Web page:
BANGKOK (BLOOMBERG) - Thailand's government warned that consumer prices may not turn positive as early as expected this year after slumping crude oil costs pushed down the country's inflation index for a 12th straight month in December.
An index of consumer prices fell 0.85 per cent last month from a year earlier, exceeding the 0.76 per cent drop expected by economists, according to data released Monday by the Ministry of Commerce in Nonthaburi outside Bangkok.
"The oil price is a key risk factor for inflation," Somkiat Triratpan, the ministry's head of trade policy and strategy, said at a media briefing. "Inflation should be back to positive in 1Q, but there's uncertainty because oil prices are lower than our estimate."
Crude oil futures slid 11 per cent in December and some forecasters expect prices to fall as low as US$15 a barrel amid slowing economic growth in China. Thailand relies on oil imports for more than 80 per cent of its energy needs, according to state-controlled PTT Exploration & Production Pcl.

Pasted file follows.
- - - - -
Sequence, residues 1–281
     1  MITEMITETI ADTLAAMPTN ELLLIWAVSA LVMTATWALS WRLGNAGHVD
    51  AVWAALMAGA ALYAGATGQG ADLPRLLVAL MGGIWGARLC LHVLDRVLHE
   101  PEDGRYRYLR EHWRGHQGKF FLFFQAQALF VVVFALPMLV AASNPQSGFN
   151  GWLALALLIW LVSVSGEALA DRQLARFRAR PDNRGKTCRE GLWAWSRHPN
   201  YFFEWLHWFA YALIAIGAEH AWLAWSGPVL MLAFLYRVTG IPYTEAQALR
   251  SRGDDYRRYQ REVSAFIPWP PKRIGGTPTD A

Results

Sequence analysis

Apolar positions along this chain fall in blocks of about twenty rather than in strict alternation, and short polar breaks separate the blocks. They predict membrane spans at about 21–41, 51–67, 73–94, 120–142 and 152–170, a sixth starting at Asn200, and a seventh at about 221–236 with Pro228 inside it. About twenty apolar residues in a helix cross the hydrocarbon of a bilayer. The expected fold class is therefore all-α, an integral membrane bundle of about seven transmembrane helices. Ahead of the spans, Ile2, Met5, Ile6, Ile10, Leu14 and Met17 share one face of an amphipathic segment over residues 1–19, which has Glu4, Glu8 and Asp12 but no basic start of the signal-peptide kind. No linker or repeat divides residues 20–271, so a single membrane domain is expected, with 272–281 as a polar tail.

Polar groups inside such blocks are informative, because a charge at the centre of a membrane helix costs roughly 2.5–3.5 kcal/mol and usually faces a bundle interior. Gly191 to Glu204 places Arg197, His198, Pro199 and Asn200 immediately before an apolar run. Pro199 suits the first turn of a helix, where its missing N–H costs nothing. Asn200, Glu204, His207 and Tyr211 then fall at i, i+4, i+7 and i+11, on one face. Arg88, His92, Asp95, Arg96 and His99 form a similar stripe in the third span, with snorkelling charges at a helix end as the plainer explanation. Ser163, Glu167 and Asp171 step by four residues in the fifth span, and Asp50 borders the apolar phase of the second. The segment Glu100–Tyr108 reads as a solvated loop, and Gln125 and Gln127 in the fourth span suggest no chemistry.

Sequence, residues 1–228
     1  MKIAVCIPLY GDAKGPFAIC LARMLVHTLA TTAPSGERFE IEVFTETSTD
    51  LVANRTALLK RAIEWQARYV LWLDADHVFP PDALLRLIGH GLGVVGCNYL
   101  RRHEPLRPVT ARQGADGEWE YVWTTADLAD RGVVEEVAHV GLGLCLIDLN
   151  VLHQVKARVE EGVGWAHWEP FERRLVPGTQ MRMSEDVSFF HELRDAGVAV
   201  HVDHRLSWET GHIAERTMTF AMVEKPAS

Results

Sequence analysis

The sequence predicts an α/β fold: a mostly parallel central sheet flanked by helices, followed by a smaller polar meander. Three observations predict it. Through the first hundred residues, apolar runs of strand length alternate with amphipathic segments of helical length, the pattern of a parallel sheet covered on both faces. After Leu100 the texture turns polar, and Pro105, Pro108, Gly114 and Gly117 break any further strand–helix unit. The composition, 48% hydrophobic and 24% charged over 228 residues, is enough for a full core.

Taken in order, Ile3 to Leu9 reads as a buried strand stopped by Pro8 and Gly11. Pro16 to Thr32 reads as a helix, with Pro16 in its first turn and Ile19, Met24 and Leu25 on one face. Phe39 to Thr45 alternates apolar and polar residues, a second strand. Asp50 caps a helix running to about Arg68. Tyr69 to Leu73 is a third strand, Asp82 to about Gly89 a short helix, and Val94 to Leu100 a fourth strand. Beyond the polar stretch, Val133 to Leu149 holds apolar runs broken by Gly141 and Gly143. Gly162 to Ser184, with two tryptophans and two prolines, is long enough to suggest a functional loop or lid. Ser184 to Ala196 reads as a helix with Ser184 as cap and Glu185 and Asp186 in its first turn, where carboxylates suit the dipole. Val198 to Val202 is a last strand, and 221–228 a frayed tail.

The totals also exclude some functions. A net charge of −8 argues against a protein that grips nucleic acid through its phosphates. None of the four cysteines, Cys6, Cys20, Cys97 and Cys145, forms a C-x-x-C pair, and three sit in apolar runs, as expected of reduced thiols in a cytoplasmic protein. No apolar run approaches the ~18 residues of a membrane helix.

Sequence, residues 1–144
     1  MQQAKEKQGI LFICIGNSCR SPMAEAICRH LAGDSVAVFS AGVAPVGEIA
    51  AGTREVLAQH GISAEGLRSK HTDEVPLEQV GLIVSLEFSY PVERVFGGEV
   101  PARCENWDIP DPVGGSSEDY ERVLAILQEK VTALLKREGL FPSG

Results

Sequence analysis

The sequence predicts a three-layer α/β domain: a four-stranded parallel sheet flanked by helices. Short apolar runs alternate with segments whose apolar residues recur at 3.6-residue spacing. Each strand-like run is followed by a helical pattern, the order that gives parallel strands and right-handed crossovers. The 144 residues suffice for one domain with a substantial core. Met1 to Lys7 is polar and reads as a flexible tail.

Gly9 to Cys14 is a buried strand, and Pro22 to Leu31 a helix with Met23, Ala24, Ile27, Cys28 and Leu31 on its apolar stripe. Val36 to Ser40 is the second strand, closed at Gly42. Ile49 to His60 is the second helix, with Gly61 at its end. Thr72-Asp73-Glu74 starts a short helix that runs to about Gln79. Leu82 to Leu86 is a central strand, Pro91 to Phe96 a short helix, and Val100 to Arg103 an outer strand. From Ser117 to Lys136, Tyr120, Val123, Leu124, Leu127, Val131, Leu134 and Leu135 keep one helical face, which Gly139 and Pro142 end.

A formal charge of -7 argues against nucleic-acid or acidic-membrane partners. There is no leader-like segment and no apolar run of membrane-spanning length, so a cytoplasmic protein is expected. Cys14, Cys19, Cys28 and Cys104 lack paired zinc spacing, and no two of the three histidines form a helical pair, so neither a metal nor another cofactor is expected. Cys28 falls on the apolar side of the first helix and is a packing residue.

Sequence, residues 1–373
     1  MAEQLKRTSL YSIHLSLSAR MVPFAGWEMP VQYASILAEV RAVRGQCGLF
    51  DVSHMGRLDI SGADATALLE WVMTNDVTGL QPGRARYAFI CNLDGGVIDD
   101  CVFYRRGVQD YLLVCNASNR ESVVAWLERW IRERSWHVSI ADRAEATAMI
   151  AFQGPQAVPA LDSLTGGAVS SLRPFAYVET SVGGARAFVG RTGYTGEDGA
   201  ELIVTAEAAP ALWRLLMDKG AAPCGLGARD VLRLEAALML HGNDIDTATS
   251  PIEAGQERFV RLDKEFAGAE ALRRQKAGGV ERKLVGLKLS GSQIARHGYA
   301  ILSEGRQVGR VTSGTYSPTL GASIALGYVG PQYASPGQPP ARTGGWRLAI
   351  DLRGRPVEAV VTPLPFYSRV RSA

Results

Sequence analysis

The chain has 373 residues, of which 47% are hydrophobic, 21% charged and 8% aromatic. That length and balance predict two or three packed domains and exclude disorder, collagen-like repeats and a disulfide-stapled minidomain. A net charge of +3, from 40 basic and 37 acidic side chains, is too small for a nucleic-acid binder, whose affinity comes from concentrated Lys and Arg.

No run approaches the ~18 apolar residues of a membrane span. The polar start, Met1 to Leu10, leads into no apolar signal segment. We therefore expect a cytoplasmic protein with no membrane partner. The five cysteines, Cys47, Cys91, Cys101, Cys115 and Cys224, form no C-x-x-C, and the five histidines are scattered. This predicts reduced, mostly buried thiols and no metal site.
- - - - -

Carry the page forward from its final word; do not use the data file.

"Disinflationary pressures will likely persist into early 2016 on account of structurally lower oil prices and soft domestic demand," Weiwen Ng, a Singapore-based economist at Australia & New Zealand Banking Group said Monday in an interview, adding that inflation should bottom out in Thailand in the coming months.
Thailand's core inflation, which excludes energy costs, fell to 0.68 per cent in December from 0.88 per cent in the previous month.
In Indonesia, inflation slowed to 3.35 per cent in December, the country's statistics office said ON Monday. That's the lowest level since at least January 2010, according to data compiled by Bloomberg. Thai inflation should average 1 per cent to 2 per cent this year if oil prices range from US$48 to US$54 per barrel, the commerce ministry said.